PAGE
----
Please use this identifier to cite or link to this item: http://hdl.handle.net/2440/65673
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Type: Journal article
Title: Association of the COMT val158met Variant with Antidepressant Treatment Response in Major Depression
Author: Baune, B.
Hohoff, C.
Berger, K.
Neumann, A.
Mortensen, S.
Roehrs, T.
Deckert, J.
Arolt, V.
Domschke, K.
Citation: Neuropsychopharmacology, 2008; 33(4):924-932
Publisher: Elsevier Science Inc
Issue Date: 2008
ISSN: 0893-133X
1740-634X
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Bernhard T Baune, Christa Hohoff, Klaus Berger, Anna Neumann, Sünke Mortensen, Tilmann Roehrs, Jürgen Deckert, Volker Arolt and Katharina Domschke
Abstract: In several previous biochemical, pharmacological, and genetic studies, the catechol-O-methyltransferase (COMT) has been suggested to be involved in the pathogenesis as well as the pharmacological treatment of affective disorders. In the present study, 256 patients with major depression (DSM-IV) of Caucasian descent were genotyped for the functional COMT val158met polymorphism and characterized for clinical response to antidepressive pharmacological treatment as measured by intra-individual changes of Hamilton Depression (HAM-D-21) scores over 6 weeks. The COMT 158val/val genotype conferred a significant risk of worse response after 4–6 weeks of antidepressant treatment in patients with major depression (week 4: p=0.003; week 5: p<0.0001; week 6: p<0.0001) after Bonferroni correction for multiple comparisons. The present results strongly point toward a negative influence of the higher activity COMT 158val/val genotype on antidepressant treatment response during the first 6 weeks of pharmacological treatment in major depression, possibly conferred by consecutively decreased dopamine availability. This finding suggests a potentially beneficial effect of an antidepressive add-on therapy with substances increasing dopamine availability individually tailored according to COMT val158met genotype.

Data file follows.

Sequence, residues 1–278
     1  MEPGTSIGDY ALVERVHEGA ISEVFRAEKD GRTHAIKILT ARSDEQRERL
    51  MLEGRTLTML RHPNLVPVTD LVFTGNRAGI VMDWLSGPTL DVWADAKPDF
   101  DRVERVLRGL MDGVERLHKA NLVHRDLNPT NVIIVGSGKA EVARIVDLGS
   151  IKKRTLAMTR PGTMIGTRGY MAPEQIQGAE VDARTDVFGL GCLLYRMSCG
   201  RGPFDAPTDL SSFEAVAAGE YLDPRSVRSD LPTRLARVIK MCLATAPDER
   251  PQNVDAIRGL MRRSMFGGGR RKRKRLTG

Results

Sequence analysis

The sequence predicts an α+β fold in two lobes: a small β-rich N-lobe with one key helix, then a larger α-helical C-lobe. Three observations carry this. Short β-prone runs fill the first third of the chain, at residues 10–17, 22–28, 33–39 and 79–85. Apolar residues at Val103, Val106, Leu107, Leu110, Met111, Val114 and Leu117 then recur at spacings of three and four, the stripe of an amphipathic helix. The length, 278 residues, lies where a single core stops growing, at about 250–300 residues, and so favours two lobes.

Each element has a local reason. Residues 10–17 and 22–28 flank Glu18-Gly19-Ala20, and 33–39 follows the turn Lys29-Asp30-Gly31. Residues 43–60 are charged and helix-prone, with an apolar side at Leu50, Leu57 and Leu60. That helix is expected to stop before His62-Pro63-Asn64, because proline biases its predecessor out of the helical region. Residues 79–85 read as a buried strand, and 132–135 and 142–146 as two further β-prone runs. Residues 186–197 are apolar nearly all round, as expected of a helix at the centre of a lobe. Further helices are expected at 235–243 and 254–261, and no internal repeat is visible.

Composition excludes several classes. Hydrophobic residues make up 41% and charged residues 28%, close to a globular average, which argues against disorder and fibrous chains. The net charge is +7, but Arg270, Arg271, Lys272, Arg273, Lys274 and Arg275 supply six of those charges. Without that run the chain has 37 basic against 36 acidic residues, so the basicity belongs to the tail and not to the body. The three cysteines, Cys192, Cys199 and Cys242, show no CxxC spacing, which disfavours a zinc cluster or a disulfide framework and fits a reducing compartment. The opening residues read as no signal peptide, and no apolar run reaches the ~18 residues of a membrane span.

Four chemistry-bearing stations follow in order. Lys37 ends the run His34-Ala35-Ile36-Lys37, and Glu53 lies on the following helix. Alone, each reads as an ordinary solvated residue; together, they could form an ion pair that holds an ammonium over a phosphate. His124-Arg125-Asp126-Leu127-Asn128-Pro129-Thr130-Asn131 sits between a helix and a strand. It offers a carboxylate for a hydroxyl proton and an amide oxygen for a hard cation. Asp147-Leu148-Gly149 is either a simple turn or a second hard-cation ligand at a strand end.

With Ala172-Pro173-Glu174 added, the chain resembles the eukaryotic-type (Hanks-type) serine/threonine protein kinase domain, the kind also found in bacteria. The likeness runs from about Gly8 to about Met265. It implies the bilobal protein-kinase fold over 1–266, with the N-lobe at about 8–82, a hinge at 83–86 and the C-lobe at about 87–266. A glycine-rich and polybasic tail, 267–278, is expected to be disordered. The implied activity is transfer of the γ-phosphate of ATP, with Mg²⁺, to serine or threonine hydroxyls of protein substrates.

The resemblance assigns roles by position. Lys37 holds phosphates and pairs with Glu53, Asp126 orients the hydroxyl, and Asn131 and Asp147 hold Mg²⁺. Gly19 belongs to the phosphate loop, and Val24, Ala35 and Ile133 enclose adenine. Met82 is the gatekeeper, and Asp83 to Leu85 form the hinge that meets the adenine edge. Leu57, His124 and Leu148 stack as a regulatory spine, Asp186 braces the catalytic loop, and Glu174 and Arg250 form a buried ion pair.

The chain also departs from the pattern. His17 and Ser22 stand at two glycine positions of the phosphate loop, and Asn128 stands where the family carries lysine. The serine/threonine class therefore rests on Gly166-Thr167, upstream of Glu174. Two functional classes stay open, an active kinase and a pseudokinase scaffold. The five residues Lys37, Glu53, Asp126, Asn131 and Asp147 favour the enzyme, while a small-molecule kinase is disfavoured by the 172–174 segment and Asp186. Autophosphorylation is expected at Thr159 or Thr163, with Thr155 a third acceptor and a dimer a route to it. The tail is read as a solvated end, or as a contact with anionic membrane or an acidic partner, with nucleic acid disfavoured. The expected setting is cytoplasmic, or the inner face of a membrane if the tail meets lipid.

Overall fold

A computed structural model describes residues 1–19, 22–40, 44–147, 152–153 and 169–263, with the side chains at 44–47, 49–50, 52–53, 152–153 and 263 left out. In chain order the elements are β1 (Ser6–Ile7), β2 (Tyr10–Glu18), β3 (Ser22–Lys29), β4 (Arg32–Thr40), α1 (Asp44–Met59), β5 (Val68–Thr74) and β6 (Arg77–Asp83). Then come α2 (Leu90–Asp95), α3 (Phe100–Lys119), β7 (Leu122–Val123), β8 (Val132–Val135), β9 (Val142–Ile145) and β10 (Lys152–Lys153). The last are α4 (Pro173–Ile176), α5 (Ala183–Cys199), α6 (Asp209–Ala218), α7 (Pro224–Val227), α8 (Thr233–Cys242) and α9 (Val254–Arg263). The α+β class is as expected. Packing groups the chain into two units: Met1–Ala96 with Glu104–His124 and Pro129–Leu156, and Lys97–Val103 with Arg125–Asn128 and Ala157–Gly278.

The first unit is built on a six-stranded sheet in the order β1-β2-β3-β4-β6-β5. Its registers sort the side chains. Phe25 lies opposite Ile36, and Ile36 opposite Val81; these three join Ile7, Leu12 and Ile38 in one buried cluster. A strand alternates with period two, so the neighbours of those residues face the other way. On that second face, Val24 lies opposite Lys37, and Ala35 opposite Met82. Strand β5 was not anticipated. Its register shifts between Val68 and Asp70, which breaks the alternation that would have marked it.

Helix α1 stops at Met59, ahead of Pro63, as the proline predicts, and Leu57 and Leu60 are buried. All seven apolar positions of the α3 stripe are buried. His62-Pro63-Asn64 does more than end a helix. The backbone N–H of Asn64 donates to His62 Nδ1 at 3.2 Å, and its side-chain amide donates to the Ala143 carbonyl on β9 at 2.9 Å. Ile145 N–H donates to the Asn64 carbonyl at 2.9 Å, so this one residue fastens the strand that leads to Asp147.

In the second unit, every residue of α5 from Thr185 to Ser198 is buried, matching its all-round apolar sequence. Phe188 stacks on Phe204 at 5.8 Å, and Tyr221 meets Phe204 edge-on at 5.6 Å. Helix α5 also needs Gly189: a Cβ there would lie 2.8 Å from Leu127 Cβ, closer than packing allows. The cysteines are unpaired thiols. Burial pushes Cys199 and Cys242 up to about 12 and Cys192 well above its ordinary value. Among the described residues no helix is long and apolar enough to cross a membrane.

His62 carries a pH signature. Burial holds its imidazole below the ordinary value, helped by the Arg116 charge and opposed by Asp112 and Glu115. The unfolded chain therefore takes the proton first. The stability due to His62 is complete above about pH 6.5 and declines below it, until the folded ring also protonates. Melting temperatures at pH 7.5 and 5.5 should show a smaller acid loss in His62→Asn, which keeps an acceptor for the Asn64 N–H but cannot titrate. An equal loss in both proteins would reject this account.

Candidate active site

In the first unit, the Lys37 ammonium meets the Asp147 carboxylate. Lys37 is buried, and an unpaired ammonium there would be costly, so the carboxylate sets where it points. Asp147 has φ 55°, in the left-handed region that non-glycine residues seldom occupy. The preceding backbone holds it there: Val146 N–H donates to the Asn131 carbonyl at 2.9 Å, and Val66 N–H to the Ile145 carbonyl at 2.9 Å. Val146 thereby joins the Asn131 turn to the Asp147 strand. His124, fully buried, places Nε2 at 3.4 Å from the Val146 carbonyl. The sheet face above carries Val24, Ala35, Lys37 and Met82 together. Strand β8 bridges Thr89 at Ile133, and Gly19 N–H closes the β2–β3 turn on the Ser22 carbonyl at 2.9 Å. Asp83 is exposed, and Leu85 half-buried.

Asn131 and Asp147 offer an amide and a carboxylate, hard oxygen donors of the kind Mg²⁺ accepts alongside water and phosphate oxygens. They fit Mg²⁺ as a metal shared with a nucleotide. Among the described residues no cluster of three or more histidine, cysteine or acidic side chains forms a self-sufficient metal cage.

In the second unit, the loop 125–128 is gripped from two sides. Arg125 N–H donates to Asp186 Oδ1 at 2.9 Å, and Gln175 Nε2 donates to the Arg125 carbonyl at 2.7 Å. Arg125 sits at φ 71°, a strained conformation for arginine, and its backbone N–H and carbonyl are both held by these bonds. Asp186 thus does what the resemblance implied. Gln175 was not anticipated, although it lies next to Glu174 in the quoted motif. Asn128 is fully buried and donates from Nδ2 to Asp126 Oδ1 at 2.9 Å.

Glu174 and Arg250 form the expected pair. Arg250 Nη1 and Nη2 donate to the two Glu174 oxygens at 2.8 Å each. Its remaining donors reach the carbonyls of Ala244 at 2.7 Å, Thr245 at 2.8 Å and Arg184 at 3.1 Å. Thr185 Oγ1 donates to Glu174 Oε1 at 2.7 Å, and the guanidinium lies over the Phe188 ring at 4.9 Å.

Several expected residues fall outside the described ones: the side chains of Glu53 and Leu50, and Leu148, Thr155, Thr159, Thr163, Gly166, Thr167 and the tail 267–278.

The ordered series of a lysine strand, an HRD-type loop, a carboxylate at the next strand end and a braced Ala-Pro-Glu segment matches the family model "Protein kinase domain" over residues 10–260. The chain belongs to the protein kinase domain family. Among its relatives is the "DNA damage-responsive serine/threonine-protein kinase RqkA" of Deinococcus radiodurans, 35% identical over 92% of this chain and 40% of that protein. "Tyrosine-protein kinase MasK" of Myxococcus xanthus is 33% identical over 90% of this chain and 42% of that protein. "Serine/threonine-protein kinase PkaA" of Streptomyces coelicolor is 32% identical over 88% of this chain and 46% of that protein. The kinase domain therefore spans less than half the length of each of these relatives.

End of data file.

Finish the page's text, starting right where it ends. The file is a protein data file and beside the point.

Keywords: major depression; catechol-O-methyltransferase; COMT val158met; polymorphism; antidepressants; treatment response
Rights: © 2008 Nature Publishing Group. All rights reserved.
RMID: 0020111598
DOI: 10.1038/sj.npp.1301462
Appears in Collections:Psychiatry publications

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